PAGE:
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Bill Nelson adds some votes, but not many, in drama-free manual recounts across Tampa Bay

If Nelson wants to surpass Rick Scott, the two largest counties in Tampa Bay didn't help much.

In a matter of hours Friday, Hillsborough and Pinellas county election offices finished the manual recounting of votes in the U.S. Senate race. The results didn't change much.

Sen. Bill Nelson gained 59 votes in Pinellas and 75 in Hillsborough, adding to his commanding lead in both places. However, heading into Friday, Rick Scott led Nelson by more than 12,500 votes across all 67 counties. So if Nelson wants to surpass Scott, the two largest counties in Tampa Bay didn't help much.

The vast majority of the 3,300 ballots recounted manually in Pinellas County — 95 percent — were determined to be under votes, meaning people left the race for U.S. Senate entirely blank.

In the narrow race for Agriculture Commissioner, also in a recount, Democrat Nikki Fried gained 56 votes to Republican Matt Caldwell's 13 in Hillsborough. In Pinellas. Fried gained 36 votes and Caldwell 26. Overall, Fried leads.

Pinellas' tabulations lacked the drama taking place in South Florida counties. Instead, the process hummed along, a boring but nonetheless fascinating quirk in the democratic process.

"One thing I love about this county: we can do something like this in an orderly manner without disruption," said John Carassas, the chairman of the canvassing board, the final arbiter of votes.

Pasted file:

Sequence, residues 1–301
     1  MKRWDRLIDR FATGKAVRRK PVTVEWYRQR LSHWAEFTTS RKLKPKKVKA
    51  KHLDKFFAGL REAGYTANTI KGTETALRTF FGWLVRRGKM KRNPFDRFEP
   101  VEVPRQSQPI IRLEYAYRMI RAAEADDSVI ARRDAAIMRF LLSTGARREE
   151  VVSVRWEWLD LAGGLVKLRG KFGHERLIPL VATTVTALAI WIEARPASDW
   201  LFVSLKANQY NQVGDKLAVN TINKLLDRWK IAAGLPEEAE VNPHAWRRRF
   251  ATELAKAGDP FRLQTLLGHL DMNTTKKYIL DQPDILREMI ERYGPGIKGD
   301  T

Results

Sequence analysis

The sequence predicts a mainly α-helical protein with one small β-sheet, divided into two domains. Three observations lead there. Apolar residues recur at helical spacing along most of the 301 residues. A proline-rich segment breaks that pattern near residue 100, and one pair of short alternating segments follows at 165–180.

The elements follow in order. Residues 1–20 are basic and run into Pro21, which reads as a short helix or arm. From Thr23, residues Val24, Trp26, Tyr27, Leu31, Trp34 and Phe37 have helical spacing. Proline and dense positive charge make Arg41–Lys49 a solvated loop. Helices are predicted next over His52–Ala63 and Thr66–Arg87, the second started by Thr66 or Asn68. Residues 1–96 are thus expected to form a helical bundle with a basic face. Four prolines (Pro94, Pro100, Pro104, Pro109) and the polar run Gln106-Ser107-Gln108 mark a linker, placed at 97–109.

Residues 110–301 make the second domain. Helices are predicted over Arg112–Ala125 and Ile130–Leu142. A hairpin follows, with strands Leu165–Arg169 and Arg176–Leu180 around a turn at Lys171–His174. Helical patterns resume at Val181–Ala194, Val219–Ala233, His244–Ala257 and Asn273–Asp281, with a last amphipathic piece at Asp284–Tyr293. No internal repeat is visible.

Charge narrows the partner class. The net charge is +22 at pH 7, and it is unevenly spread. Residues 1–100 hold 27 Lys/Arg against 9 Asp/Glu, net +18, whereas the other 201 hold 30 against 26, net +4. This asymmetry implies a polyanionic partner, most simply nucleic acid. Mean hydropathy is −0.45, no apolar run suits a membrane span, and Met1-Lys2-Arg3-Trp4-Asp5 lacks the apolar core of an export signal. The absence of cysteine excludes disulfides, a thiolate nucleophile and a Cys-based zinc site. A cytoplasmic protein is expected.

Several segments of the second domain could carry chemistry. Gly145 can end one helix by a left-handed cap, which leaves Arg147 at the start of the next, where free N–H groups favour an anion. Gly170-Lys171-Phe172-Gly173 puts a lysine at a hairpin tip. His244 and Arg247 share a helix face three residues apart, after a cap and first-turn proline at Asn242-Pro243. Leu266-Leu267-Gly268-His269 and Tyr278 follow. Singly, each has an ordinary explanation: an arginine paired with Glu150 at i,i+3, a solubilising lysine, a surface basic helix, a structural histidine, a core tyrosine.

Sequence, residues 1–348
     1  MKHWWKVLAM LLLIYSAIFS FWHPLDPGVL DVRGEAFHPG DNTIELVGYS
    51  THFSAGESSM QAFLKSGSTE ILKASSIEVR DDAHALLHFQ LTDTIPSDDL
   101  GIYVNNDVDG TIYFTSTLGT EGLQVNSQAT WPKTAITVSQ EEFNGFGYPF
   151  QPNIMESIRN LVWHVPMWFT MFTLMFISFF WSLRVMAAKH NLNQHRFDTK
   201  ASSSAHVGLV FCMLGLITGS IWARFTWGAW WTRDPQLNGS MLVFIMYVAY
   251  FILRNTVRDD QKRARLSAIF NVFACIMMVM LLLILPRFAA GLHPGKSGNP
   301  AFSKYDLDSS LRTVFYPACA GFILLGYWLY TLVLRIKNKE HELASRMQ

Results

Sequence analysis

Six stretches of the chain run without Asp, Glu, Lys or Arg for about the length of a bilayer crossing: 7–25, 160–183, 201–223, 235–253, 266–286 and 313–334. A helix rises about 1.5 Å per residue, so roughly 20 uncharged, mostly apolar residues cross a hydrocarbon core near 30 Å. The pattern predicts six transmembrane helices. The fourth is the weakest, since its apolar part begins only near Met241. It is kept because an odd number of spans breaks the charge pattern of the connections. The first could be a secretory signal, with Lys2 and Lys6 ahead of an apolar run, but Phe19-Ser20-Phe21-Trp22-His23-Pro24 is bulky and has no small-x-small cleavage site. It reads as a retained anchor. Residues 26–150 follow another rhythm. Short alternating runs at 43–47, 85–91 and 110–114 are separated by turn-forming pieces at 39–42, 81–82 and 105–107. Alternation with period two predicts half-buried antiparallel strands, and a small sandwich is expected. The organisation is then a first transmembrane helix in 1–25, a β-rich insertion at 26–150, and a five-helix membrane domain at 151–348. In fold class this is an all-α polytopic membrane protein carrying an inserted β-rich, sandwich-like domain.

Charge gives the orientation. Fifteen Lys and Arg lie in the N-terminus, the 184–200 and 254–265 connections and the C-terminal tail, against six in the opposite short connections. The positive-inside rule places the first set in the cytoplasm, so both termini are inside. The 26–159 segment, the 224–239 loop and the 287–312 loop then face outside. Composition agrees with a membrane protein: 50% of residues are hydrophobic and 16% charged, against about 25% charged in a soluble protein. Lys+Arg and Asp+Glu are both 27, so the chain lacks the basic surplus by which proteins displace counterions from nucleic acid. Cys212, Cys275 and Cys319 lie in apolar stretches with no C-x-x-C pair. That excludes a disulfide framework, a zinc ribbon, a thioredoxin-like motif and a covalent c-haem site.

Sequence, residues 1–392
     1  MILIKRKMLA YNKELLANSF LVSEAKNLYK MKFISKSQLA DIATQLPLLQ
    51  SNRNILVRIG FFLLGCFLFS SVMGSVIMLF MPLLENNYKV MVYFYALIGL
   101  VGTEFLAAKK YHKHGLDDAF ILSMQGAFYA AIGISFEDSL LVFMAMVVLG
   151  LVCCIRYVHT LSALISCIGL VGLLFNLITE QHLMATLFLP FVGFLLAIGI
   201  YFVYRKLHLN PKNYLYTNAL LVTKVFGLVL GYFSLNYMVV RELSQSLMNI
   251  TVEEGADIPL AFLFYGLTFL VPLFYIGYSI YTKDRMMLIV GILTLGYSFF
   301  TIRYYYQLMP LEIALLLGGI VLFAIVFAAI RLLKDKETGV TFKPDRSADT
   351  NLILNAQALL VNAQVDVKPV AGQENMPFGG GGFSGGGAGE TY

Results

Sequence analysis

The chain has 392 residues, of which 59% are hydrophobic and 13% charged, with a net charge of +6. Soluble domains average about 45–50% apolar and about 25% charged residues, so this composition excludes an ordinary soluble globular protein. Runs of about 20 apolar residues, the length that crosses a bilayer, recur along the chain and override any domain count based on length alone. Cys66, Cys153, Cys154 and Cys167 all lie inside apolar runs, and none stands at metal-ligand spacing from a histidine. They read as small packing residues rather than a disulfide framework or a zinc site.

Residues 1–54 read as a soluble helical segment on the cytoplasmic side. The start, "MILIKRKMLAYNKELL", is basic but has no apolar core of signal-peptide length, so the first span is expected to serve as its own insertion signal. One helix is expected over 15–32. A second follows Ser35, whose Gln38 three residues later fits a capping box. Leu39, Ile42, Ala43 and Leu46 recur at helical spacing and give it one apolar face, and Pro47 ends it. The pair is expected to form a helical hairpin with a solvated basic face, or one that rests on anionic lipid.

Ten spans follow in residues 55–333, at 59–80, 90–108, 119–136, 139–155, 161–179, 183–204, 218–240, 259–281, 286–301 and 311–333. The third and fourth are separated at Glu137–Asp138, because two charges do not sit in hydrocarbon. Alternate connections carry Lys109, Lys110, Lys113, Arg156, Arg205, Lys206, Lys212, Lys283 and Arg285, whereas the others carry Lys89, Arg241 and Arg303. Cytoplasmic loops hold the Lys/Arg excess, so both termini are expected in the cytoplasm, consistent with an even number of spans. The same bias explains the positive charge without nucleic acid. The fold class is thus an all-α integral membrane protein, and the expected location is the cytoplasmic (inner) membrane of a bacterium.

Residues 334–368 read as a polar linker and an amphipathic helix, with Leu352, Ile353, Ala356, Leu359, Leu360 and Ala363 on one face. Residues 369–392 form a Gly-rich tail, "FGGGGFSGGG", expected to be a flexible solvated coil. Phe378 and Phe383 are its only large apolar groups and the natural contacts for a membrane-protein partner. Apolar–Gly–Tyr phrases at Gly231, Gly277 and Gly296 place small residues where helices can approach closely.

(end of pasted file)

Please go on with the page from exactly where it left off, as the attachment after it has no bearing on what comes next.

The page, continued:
Election workers determined why a voter put an "X" over Scott or underlined Nelson, or what it meant that someone used red and black ink and that they filled in the "D" in the "Dem" next to Nelson. Lawyers for both candidates hovered over every ballot as it was reviewed.

Just a few dozen decisions were challenged. Those went to the canvassing board.

"These are tough," the Supervisor of Elections Deborah Clark said after a string of ballots yielded indeterminable outcomes.

There was one mix up: the canvassing board signed off on results that miscounted how many over vote ballots were tabulated. They signed an amended sheet later.

Hillsborough's recount began just a day after a tumultuous machine recount there — marked by two power outrages and a broken machine — resulted in 800 fewer votes than the original tally. As it was, the county Supervisor of Elections Craig Latimer lacked 100 percent confidence in the outcome and didn't send the results of the machine recount to the state, instead letting the original result stand.

Scott also sued Hillsborough to gain access to the room where the machine recount took place. He won.

Friday's manual recount went much smoother. About 100 people packed a warehouse room Friday at the supervisor of elections office to sort through about 4,300 ballots in which voters either skipped voting in the U.S. Senate race, voted for both candidates, or made questionable marks so a vote couldn't be easily determined.

Twenty counting teams looked at the ballots, with one representative from each party and each candidate. Disputed ballots were sent to a front table, where Latimer and the canvassing board determined voter intent.

"The voter has voted for both Rick Scott and Bill Nelson, but crossed out Rick Scott," Latimer said, looking at one ballot. "I'd recommend a vote for Bill Nelson."

The manual recount also confirmed Democratic House Minority Leader Janet Cruz will win a Tampa-area Senate seat over incumbent Republican Dana Young. Cruz gained six more votes than Young to seal her victory.

Times staff writer Dan Sullivan contributed to this report.